Visas can be complicated, time consuming, and in some circumstances, they can be so frustrating that they can almost put you off your trip all together. But never fear – Japanese visas don't have to be confusing, and we've done all the hard work for you.
Travellers from Australia, New Zealand, the United Kingdom, United States, and some European countries are covered by the 'Reciprocal Visa Exemption Arrangements' with Japan. For holders of these passports, visas are not required to enter the country for a timeframe that is shorter than 90 days. To see if your country is covered, check the Japanese Ministry of Foreign Affairs website.
Travellers covered by this agreement will enter Japan with the status of 'Temporary Visitor', and receive a stamp in their passport. To keep this status while you are in Japan, you must not work or receive money for services, and instead be there as a tourist, visiting family and friends, attending lectures, or participating in other activities which are outlined by the Japan National Tourism Organisation.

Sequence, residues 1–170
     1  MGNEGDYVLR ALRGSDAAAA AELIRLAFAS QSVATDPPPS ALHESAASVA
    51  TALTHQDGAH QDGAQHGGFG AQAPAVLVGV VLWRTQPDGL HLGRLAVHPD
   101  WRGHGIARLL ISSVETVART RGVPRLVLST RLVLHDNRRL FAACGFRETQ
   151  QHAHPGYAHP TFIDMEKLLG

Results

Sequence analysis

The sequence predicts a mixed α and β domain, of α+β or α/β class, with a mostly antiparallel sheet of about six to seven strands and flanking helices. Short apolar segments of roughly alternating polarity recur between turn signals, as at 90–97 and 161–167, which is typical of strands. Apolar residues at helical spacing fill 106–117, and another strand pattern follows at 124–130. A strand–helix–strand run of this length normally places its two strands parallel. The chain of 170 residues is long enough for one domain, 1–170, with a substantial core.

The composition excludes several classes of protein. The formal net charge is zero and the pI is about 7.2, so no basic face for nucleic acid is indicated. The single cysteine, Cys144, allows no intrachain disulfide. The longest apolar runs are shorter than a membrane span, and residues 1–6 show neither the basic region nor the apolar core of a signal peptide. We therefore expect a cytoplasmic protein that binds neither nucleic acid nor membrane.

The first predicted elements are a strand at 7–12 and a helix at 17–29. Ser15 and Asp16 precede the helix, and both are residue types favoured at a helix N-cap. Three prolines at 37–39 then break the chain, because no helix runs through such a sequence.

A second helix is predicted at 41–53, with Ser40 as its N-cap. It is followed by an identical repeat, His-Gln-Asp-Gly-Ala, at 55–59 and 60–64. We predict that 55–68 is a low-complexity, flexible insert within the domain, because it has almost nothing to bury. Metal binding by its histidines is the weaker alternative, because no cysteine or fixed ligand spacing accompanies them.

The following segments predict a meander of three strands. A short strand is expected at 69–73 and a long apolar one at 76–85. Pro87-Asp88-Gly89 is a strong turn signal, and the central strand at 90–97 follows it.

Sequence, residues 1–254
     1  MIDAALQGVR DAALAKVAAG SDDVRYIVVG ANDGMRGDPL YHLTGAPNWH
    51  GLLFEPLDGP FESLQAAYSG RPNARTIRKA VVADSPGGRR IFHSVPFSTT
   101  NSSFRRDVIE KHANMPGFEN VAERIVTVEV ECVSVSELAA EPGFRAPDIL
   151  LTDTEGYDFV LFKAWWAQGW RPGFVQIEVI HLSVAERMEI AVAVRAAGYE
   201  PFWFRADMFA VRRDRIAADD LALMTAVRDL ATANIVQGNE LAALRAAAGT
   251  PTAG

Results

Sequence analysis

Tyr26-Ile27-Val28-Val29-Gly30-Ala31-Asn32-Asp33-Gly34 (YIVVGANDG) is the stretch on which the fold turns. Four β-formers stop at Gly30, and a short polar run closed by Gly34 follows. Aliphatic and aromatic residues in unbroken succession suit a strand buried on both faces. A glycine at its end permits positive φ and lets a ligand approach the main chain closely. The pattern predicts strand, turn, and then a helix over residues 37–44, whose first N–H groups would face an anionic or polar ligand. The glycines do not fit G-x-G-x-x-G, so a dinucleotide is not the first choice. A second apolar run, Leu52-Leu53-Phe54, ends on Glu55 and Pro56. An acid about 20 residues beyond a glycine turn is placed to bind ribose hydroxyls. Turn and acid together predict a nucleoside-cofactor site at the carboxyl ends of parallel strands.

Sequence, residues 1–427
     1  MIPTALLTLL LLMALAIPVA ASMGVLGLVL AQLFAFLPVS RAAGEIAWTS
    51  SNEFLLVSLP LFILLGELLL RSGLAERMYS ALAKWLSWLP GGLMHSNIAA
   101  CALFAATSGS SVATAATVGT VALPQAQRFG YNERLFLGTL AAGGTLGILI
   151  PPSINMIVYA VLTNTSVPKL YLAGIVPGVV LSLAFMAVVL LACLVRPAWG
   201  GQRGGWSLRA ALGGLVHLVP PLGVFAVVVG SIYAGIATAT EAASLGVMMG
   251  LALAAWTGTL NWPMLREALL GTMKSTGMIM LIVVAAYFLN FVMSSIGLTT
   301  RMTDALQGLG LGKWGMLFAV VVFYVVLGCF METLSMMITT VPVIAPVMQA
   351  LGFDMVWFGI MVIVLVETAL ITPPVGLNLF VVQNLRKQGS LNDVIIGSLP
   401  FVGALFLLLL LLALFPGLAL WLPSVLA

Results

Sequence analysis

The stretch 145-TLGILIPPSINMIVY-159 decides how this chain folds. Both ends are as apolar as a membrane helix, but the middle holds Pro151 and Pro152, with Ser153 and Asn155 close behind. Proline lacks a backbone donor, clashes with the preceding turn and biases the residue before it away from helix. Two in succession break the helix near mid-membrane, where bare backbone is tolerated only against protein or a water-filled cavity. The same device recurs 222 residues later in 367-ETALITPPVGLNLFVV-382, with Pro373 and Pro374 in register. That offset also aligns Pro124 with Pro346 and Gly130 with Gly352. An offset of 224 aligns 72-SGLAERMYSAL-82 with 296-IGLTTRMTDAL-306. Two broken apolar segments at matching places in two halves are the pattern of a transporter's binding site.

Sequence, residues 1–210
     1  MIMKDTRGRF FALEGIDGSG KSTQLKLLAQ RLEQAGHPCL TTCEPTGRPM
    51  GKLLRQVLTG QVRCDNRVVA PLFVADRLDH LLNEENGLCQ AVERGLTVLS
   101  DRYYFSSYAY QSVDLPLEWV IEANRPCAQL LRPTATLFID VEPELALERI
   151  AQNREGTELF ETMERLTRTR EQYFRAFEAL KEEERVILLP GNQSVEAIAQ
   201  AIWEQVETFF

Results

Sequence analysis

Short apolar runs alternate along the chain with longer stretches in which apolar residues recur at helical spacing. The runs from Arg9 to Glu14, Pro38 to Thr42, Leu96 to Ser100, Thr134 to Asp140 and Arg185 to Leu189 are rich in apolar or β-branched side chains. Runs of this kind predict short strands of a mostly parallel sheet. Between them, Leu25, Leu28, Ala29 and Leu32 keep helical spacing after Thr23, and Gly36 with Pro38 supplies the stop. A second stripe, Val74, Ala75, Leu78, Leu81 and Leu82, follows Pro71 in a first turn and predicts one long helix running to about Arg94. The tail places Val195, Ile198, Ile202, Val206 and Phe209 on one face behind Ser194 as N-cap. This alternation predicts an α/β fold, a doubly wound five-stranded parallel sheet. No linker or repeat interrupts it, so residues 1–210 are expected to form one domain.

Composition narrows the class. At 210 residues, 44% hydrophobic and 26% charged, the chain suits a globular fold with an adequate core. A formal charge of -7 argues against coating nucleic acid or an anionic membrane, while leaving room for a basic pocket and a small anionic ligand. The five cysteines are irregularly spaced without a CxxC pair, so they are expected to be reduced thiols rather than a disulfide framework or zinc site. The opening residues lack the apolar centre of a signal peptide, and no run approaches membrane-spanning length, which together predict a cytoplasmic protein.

Love Japan so much that you want to stay longer than 90 days? Well, you're in luck – as of the 23rd June 2015, you can stay for up to 12 months in Japan for tourism and recreational purposes under Japan's 'Longer Stays' program.
The basics are that you need to be over 18, have no accompanying children, have private medical travel insurance, and a certain amount of savings to sustain your trip. You can read more about the specifics here.
If you plan on working in Japan, this requires a different type of visa altogether. As there are 27 different types of visas issued by Japan, it’s impossible to list all of these requirements in this article.
Be aware, however, that Japanese working visas are only issued to applicants with a high level of knowledge in skilled professions – for example, engineers and business managers.
Your best bet in getting the best and most accurate advice on working in Japan is to get in touch with your closest Japanese embassy.
Don't forget your passport! This is more valuable than your ticket overseas. Make sure you remember to check that it is still valid for the duration of your stay; otherwise you will not be allowed to enter the country, regardless of your visa status.
Make sure you check the specific requirements for the type of visa you need and your purposes for staying in Japan – you don't want to be caught out with the wrong kind of visa, because it can be a long and difficult process to change this once you're over there.
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